Step 1: Determine Projects to Place on Your ScheduleSo, you've decided you’re ready to build out a complete marketing schedule for your content. The first thing you’ll need to do is figure out which projects need to go on your schedule. Start by listing out all your recurring project types. Essentially, what we want to first establish is which recurring types of content do you know you’ll create regularly on an ongoing basis. Once you have this figured out, start planning out the specific ideas for each content type you’ll create. This means developing a list of specific titles and working headlines for each piece.
Fill Your Schedule With an Effective Brainstorming ProcessWe’re big believers in group brainstorming here at CoSchedule. If you don’t have any specific ideas for content lined up yet, this quick process may help you change that. Here’s how our 30-minute three-step brainstorming process works:
- Have everyone on your team spend 10 minutes writing down ideas. Don’t worry if they’re good or not. Just get them down on paper.
- Then, spend 10 minutes reading those ideas aloud, and have everyone score them silently. Use a three-point scale, where three’s are the best ideas you absolutely need to create, two’s are average ideas that need work, and one’s are duds to be tossed out. Expect to see a mix of ideas that fall into all three buckets.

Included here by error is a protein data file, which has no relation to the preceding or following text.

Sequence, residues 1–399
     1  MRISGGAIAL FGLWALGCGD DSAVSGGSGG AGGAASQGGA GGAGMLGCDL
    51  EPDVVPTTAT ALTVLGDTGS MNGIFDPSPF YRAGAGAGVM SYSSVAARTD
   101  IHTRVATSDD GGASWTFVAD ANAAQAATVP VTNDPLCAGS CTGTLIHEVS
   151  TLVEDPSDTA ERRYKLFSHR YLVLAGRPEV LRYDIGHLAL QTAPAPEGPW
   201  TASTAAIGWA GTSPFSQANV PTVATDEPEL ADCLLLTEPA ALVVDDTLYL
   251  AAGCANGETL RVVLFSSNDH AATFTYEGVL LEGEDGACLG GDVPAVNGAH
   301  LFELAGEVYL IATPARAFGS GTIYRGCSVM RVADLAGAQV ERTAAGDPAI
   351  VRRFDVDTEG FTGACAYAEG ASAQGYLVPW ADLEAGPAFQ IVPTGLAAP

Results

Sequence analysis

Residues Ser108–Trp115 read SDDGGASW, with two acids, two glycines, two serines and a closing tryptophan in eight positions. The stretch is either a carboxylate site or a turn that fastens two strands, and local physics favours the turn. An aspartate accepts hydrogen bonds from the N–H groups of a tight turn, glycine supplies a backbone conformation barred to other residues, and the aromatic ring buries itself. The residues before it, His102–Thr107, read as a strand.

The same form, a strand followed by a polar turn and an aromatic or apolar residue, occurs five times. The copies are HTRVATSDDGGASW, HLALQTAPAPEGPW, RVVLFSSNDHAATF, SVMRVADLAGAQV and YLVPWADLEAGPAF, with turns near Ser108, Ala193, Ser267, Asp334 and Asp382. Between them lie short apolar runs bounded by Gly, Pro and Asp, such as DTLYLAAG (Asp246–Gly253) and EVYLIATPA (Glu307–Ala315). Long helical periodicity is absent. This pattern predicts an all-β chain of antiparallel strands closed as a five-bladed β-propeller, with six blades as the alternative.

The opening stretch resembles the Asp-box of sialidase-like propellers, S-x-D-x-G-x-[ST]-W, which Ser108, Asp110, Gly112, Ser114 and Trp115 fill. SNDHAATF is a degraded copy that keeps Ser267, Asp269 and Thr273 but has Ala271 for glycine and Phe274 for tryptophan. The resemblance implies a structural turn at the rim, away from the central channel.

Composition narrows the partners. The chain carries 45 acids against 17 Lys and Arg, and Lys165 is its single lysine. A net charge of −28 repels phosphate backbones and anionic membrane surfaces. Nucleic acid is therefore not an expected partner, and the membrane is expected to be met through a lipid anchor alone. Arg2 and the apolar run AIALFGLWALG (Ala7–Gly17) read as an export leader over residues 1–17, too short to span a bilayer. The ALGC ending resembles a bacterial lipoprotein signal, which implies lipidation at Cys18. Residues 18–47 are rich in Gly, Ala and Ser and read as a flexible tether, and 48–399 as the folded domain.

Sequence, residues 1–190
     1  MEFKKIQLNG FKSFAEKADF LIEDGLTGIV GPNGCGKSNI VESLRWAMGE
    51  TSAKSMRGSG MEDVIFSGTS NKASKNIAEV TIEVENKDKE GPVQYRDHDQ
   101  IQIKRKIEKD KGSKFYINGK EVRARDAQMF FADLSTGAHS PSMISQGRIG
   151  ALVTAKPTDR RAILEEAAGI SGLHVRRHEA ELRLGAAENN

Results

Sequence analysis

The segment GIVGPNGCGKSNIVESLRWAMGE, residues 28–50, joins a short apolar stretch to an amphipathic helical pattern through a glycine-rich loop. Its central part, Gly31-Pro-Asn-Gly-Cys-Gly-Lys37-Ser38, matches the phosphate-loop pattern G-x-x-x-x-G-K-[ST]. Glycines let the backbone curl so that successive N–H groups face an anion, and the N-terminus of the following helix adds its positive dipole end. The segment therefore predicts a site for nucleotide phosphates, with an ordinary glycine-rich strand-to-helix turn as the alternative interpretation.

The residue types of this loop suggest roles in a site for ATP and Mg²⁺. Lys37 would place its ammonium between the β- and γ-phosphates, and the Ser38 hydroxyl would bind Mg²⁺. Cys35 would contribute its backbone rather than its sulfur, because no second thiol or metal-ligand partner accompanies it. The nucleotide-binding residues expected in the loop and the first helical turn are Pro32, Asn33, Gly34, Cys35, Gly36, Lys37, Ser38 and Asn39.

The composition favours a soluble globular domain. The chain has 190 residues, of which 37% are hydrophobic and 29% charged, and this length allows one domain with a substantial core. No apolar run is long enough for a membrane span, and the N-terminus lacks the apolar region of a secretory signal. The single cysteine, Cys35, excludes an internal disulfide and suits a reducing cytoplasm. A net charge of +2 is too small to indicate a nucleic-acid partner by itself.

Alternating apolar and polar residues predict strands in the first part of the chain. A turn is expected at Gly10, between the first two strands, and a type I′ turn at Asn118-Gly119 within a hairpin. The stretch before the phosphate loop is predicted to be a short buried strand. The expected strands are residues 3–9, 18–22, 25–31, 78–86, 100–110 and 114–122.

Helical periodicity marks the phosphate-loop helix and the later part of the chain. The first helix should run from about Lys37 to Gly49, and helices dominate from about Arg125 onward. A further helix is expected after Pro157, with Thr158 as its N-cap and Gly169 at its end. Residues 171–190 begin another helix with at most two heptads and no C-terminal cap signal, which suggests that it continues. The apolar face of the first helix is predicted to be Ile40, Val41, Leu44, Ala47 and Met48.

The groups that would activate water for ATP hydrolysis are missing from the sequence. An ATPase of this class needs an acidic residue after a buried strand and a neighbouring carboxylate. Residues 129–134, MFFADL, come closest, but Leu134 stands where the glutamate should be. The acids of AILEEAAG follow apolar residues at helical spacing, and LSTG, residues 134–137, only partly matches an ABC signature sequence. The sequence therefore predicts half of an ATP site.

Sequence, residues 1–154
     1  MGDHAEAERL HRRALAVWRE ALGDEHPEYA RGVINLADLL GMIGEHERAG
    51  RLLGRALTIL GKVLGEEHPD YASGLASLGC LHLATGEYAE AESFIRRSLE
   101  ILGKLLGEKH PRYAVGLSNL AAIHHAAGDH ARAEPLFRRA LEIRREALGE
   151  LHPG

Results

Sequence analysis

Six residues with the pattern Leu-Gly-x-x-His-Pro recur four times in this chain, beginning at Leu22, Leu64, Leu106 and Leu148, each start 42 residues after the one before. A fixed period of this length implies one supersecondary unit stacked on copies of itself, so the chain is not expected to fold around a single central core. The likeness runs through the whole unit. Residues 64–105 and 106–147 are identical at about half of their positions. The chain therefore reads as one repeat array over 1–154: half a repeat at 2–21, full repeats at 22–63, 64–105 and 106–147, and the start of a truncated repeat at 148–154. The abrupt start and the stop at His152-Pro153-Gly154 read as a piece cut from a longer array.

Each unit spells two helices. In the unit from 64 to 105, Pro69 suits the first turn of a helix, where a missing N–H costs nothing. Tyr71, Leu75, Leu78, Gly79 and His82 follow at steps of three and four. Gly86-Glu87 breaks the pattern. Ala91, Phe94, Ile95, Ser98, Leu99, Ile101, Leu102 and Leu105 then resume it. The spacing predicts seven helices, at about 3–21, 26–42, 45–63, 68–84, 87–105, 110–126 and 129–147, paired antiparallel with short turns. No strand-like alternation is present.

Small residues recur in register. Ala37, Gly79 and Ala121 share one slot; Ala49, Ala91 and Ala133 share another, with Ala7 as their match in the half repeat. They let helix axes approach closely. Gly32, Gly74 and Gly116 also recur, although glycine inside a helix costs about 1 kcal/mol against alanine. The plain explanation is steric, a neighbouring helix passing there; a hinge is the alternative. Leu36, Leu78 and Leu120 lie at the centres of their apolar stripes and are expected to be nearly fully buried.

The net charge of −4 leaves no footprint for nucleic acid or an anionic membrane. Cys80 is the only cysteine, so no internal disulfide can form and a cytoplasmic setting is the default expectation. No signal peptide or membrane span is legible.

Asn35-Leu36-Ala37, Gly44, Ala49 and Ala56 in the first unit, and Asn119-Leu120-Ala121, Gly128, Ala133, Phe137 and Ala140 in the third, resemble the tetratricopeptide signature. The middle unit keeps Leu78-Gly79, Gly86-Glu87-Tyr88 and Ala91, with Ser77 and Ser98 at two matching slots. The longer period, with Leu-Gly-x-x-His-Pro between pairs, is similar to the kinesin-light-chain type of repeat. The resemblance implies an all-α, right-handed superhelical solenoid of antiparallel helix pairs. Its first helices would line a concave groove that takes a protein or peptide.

- Last, spend ten minutes discussing every idea that everyone agreed was a three. From these, choose the ideas you’ll actually execute on. Depending on how much content you typically produce, you can expect to generate a month’s worth of ideas this way (that’s typically the result we get, but your results may vary).
Assign Projects to Team MembersNext, determine who will be creating each piece of content on your schedule. This means including everyone involved in seeing each project through from ideation to completion. Possible team members could include:
- Project Managers
- And anyone else involved
Establish a Color-Coding SchemeColor-coding your schedule makes it easier to tell projects apart at a glance. Assign one color to each type of project. For example, all your blog posts might be green, while videos could be orange, and so on. Alternatively, you might also want to color-code projects based on the teams or individuals they’re assigned to.